Religion and Refugee Resettlement: The American Context

December 11, 2019

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After months of speculation, in late September 2019 the Trump administration announced the refugee ceiling for the 2020 fiscal year. A maximum of 18,000 refugees will be allowed into the United States, the lowest number since the creation of the modern refugee resettlement program in 1980. The new ceiling represents a marked decrease from the limit of 30,000 refugees during the previous fiscal year and an even further decline from the 110,000 refugees allowed into the country by President Barack Obama in 2016. Alongside the new ceiling, President Donald Trump also signed an executive order allowing state and local governments to block refugee resettlement in their jurisdictions.

Leaders of faith communities and humanitarian organizations from both sides of the political aisle have been quick to critique the new policies. Church World Service President and CEO Rev. John L. McCullough called the recent decision “nothing short of a refugee ban.” Bishop Joe S. Vásquez, chair of the Committee on Migration of the United States Conference of Catholic Bishops, criticized the executive order for “creating a confusing patchwork across America of some jurisdictions where refugees are welcomed and others where they are not.” And conservative activist Tony Perkins, chair of the U.S. Commission on International Religious Freedom, urged the administration to extend its commitment to advancing religious freedom to its refugee resettlement policy.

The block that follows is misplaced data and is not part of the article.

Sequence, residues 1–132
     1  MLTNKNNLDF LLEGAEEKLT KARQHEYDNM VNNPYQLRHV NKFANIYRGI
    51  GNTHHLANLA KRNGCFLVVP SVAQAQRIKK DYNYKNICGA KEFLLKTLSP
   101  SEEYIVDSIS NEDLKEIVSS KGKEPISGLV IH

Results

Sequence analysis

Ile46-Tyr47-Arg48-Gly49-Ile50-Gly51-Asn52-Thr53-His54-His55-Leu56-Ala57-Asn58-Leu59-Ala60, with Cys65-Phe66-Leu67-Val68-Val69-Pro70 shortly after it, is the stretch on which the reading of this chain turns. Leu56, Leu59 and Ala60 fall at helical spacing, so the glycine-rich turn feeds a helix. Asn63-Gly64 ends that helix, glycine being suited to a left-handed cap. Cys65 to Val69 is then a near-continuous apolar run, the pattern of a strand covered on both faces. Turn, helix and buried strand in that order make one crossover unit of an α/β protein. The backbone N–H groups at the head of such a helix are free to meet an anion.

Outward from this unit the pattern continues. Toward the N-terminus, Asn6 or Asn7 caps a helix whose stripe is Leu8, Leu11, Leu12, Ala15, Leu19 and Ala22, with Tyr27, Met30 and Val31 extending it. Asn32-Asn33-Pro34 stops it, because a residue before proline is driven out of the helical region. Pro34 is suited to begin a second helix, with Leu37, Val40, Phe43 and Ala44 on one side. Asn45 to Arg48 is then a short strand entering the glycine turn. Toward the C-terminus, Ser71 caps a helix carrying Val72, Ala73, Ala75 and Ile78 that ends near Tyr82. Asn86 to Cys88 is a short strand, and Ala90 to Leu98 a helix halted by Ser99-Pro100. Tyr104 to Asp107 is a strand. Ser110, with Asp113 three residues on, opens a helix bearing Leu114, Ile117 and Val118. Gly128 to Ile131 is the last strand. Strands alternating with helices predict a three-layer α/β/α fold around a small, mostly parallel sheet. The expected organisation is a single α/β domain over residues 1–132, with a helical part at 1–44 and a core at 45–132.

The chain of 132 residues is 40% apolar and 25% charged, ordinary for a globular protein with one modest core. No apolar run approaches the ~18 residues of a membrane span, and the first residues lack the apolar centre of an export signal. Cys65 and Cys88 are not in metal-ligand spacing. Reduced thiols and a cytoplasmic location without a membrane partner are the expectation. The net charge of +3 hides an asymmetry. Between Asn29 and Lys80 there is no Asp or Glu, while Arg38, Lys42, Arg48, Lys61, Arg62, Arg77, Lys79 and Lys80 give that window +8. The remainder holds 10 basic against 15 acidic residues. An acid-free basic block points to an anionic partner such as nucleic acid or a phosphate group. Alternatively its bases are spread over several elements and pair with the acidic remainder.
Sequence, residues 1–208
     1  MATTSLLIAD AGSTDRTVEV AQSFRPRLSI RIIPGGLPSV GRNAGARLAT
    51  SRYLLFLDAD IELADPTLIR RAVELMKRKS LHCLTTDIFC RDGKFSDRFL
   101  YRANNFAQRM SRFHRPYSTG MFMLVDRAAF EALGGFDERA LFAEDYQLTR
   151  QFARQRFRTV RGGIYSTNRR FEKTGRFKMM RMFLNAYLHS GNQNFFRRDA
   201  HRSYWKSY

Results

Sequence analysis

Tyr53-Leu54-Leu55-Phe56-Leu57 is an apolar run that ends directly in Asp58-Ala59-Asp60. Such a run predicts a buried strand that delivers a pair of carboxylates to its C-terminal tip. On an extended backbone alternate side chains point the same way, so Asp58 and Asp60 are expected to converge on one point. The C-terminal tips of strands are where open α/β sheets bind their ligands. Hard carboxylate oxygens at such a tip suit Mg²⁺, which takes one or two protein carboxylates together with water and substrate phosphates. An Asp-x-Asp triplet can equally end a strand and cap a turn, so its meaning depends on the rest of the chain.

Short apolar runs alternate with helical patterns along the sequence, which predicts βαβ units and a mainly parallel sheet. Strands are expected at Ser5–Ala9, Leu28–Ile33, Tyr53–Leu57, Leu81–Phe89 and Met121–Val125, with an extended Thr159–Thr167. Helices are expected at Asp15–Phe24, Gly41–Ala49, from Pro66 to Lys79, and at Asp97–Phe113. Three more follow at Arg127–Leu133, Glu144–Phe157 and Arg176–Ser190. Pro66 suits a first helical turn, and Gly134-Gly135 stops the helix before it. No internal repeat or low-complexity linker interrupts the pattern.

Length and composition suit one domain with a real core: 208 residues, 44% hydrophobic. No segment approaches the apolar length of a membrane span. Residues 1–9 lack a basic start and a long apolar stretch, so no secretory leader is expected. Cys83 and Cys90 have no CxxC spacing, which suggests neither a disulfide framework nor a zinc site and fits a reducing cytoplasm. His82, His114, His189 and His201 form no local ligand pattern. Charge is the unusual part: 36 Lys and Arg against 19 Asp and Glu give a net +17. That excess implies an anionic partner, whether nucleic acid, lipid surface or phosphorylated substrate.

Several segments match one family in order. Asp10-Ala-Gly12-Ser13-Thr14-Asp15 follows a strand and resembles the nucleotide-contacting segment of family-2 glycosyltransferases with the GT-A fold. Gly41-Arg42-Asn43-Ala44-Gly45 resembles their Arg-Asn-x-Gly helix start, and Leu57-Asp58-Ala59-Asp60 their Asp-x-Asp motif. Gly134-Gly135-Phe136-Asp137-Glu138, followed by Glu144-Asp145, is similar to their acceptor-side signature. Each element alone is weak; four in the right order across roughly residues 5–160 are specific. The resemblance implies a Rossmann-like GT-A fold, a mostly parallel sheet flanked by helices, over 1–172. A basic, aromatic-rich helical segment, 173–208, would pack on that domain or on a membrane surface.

The Trump administration, however, has cited the increasing number of asylum seekers from Central America as justification for the change, arguing in a State Department press release that the “current burdens on the U.S. immigration system must be alleviated before it is again possible to resettle large numbers of refugees.” The lowered refugee resettlement ceiling is likely to spur continued debate over the number and role of refugees in American society, particularly as the 2020 presidential election fast approaches. 

This week the Berkley Forum asks: How will the recently lowered refugee ceiling impact the work of faith-inspired organizations and religious communities, which play leading roles in the U.S. refugee resettlement process? How might the decision affect the global refugee crisis? With these limits in place, what kind of ethical and legal principles should guide decisions regarding refugee admission? How can faith-inspired actors make their voices heard in a highly polarized, partisan environment?

related conference | Current Challenges in Refugee Policy

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